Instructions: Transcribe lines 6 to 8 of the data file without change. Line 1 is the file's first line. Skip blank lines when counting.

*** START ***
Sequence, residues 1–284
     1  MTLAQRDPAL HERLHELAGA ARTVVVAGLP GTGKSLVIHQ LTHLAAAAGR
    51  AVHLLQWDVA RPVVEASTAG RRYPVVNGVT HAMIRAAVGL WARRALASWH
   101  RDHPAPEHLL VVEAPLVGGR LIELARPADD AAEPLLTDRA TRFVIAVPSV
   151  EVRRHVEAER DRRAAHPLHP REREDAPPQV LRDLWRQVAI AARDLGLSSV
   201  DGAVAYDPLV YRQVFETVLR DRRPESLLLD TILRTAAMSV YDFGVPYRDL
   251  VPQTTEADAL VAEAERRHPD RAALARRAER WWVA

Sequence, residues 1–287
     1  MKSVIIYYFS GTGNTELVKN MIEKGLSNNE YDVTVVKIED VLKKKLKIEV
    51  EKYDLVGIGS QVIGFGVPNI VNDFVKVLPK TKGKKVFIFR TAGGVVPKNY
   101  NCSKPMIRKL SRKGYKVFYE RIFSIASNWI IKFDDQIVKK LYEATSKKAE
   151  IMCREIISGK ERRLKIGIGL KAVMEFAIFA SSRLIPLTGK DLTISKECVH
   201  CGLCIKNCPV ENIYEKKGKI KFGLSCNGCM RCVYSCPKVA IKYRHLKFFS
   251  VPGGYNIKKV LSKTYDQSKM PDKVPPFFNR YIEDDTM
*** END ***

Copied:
   201  DGAVAYDPLV YRQVFETVLR DRRPESLLLD TILRTAAMSV YDFGVPYRDL
   251  VPQTTEADAL VAEAERRHPD RAALARRAER WWVA

Sequence, residues 1–287